I spent 5 days last month hiking/camping the Grand Canyon. Some notes while my memory is somewhat fresh.
– I remember it being prettier. The part I was at didn’t have that milky blue water. And earth that was less…swirly? Something was missing.
– But Sedona was even more beautiful than I remember.
– The Grand Canyon is big. It’s hard to believe, but you can’t actually see most of its depth unless go right into it. All you can see from the top is how wide it is, but you’re missing half the grandness!
– Before my trek on the Inca Trail, Jessica told me that Machu Picchu would ruin all my future travels by comparison — that maybe I should save it for later in life. I told her she was crazy. She has been very right so far.
– If there were words to describe how it feels to casually stroll through the Canyon at night without any lights because the full moon is so bright that you can easily see where you’re walking and everything else around you, I would write them here so that I could remember forever. Alas, this description of how impossible it is will have to do, hopefully triggering flashbacks of sorts.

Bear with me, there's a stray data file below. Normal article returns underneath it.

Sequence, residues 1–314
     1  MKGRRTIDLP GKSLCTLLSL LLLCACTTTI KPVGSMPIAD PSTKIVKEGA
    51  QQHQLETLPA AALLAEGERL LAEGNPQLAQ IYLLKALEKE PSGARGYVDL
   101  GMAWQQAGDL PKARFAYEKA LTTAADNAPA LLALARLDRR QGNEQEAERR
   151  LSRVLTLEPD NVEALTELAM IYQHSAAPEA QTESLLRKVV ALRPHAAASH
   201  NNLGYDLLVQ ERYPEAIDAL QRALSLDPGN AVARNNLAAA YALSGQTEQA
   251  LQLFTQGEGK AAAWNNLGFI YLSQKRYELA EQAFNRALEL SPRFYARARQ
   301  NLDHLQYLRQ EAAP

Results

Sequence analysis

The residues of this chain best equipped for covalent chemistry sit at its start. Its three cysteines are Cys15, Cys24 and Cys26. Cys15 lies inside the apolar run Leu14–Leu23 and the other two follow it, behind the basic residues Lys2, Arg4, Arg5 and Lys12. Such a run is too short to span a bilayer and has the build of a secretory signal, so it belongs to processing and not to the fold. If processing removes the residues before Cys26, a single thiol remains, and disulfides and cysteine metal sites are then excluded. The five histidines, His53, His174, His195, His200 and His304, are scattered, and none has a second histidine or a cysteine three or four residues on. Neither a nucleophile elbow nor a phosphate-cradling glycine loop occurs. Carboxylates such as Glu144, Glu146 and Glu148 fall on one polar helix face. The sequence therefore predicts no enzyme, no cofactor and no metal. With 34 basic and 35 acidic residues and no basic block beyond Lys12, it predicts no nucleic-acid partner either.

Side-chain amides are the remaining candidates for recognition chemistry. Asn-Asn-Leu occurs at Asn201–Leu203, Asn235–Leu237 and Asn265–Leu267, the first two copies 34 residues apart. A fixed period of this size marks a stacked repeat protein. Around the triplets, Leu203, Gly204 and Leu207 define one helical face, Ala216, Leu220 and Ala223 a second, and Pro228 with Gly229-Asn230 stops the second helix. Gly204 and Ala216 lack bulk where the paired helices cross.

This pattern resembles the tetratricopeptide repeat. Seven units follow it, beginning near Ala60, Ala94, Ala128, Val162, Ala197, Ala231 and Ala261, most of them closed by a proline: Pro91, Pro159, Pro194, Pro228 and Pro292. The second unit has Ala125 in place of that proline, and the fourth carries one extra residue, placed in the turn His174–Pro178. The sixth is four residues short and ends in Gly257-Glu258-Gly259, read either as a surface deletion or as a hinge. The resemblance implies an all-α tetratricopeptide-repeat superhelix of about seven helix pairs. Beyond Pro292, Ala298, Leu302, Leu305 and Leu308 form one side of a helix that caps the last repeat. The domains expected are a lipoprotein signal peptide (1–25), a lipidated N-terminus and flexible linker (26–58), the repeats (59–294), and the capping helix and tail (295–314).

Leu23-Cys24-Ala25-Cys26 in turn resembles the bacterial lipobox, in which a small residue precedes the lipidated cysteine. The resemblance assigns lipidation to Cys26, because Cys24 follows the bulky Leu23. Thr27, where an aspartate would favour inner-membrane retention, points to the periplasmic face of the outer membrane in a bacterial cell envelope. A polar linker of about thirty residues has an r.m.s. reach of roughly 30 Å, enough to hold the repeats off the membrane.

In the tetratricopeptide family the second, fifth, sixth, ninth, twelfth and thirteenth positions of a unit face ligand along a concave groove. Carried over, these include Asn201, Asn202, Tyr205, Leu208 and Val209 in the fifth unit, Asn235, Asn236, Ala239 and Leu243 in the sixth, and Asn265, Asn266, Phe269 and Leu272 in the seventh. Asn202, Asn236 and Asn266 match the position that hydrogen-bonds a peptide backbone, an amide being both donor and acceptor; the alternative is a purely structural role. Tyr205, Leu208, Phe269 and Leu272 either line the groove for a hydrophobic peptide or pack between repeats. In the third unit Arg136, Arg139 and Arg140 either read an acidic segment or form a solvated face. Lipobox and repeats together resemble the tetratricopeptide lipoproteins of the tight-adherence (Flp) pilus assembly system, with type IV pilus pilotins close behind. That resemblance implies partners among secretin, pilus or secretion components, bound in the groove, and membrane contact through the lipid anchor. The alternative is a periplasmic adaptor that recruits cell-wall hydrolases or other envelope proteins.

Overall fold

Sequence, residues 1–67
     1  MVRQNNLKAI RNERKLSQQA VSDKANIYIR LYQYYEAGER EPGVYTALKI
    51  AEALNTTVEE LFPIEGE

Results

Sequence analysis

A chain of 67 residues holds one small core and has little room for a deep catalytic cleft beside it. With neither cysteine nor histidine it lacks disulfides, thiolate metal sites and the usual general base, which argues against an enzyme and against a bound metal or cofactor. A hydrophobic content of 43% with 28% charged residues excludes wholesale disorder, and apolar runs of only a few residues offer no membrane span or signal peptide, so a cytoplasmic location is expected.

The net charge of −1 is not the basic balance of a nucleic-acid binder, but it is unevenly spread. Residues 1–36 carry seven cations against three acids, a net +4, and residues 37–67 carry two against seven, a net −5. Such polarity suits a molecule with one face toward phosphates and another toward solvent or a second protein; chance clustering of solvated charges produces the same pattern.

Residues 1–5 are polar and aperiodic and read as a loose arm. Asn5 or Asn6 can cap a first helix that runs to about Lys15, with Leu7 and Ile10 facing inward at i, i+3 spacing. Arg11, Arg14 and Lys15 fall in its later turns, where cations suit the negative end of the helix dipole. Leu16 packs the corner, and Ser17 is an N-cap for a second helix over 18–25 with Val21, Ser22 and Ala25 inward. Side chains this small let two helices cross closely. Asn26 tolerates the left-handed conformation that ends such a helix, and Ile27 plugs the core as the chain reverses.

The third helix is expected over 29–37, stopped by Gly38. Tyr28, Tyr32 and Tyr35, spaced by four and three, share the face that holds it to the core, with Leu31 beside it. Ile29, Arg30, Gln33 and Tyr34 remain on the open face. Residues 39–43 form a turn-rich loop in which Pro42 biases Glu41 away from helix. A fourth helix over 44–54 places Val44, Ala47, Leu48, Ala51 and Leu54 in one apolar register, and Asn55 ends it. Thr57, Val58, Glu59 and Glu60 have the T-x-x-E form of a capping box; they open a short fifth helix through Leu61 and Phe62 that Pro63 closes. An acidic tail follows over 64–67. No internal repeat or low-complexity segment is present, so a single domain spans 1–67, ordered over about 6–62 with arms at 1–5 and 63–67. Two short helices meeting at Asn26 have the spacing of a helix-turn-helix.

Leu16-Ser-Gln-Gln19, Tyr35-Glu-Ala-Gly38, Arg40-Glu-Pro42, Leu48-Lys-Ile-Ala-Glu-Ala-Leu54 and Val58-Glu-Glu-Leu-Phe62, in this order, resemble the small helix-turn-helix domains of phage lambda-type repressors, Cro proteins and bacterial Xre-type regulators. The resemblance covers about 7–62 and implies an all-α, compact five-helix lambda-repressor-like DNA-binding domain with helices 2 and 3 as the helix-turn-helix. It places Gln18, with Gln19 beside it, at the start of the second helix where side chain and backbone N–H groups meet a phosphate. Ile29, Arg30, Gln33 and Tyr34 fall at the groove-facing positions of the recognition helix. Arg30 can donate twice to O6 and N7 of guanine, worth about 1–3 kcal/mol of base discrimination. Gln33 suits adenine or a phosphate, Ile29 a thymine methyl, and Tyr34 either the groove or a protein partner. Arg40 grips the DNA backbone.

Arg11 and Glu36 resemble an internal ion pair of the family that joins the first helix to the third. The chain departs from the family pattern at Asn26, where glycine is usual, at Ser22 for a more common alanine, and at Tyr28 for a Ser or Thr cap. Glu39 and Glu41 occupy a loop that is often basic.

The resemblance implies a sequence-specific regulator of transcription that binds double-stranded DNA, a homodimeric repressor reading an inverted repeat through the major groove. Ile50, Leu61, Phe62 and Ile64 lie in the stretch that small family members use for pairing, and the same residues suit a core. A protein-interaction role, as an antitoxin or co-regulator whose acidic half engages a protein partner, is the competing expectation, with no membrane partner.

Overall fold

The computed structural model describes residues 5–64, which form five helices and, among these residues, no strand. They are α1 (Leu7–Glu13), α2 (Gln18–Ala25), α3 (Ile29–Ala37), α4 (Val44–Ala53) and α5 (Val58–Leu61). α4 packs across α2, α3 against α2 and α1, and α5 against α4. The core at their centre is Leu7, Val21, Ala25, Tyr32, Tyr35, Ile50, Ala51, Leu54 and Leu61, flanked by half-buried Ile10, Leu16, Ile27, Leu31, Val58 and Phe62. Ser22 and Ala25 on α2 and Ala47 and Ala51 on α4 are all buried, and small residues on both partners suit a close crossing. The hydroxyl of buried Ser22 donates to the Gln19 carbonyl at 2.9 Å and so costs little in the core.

– Oh and the caves! Who knew there were random caves to explore!
– Imagine that when I was 13 I had had this site and posted my thoughts from my first Grand Canyon trip! I wonder what I would’ve said…
The bank runs in Cyprus have reminded me that we euro doomers have been repeatedly wrong over the last few years: the euro still lives (and thank goodness!). Let’s hope that stays true, because the last thing we want to see is radicalism spread through Europe.
For what it’s worth, keep in mind that currency crises are extremely rare events in the developed world — or at least they’re supposed to be! If the euro collapses even 20 years from now, we should consider that a huge failure of current policy. I don’t think we’ll need to wait 20 years, but hey…
The real world plays out a lot slower than what we (or at least I) imagine in our heads. Something I’ve seen referred to as Dornbusch’s Law:
The crisis takes a much longer time coming than you think, and then it happens much faster than you would have thought, and that’s sort of exactly the Mexican story. It took forever and then it took a night.
He’s referring to the Mexican financial crisis in 1994.
I used to tell something similar to my friend Jessica every time we’d argue over political change: freedom takes time, I’d say, but when it happens it happens suddenly. I was telling her not to be cynical about what seemed like little progress in the world.
She never got to see Tunisia, Egypt or Libya. But she still owes me a coke.